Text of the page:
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Drug for Advanced Pancreatic Cancer; 50,000 Cases In 2015


The FDA has approved Onivyde (irinotecan liposome injection), in combination with fluorouracil and leucovorin, to treat patients with advanced (metastatic) pancreatic cancer who have been previously treated with gemcitabine-based chemotherapy. Onivyde is marketed by Merrimack Pharmaceuticals Inc. of Cambridge, Massachusetts.

 

According to the National Cancer Institute, there will be 48,960 new cases of pancreatic cancer diagnosed in the U.S. in 2015, and nearly the same number of deaths caused by the disease (40,560). Pancreatic cancer can be difficult to diagnose early and treatment options are limited, especially when the disease has spread to other parts of the body (metastatic disease) and surgery to remove the tumor is not possible.

 

“Many FDA staff who review drug applications are clinicians as well, so it’s especially rewarding when we are able to expedite access to new treatments for patients with unmet needs,” said Richard Pazdur, M.D., director of the Office of Hematology and Oncology Products in the FDA’s Center for Drug Evaluation and Research. “By using the Priority Review designation for the application for Onivyde, patients will have earlier access to a drug that helps extend survival.”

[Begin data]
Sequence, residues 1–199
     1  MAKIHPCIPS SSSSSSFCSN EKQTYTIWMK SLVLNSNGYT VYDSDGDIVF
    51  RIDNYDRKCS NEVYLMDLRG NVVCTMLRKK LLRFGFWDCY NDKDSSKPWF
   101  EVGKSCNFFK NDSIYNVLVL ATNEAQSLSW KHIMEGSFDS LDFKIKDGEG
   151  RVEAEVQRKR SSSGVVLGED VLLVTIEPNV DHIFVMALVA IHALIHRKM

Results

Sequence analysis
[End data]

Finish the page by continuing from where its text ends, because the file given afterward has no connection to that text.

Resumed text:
The FDA granted Priority Review and orphan drug designations for Onivyde. Priority review status is granted to applications for drugs that, if approved, would be a significant improvement in safety or effectiveness in the treatment of a serious condition. Orphan drug designation provides incentives such as tax credits, user fee waivers, and eligibility for orphan drug exclusivity to assist and encourage the development of drugs for rare diseases.

 

The most common side effects of treatment with Onivyde included diarrhea, fatigue, vomiting, nausea, decreased appetite, inflammation in the mouth (stomatitis), and fever (pyrexia). Onivyde was also found to result in low counts of infection-fighting cells (lymphopenia and neutropenia). Death due to sepsis following neutropenia has been reported in patients treated with Onivyde.

 

The labeling for Onivyde includes a boxed warning to alert health care professionals about the risks of severe neutropenia and diarrhea. Onivyde is not approved for use as a single agent for the treatment of patients with metastatic pancreatic cancer.

 

See the FDA Announcement

 

See also Medical Law Perspectives, May 2015 Report: Chemotherapy: Risks and Liabilities When the Treatment Is Toxic

 

See also Medical Law Perspectives, October 2012 Report: Mistakes in Diagnosing Cancer: Liability Concerns for Misdiagnosis, Failure to Diagnose, and Delayed Diagnosis

 

See also Medical Law Perspectives, May 2013 Report: Drugs, Dosage, and Damage: Physician Liability for Prescribing or Administering Medication

 

See the Medical Law Perspectives June 29, 2015, Blog: Failure to Diagnose Cancer Claims Face Hurdles, Especially in New York

 

 

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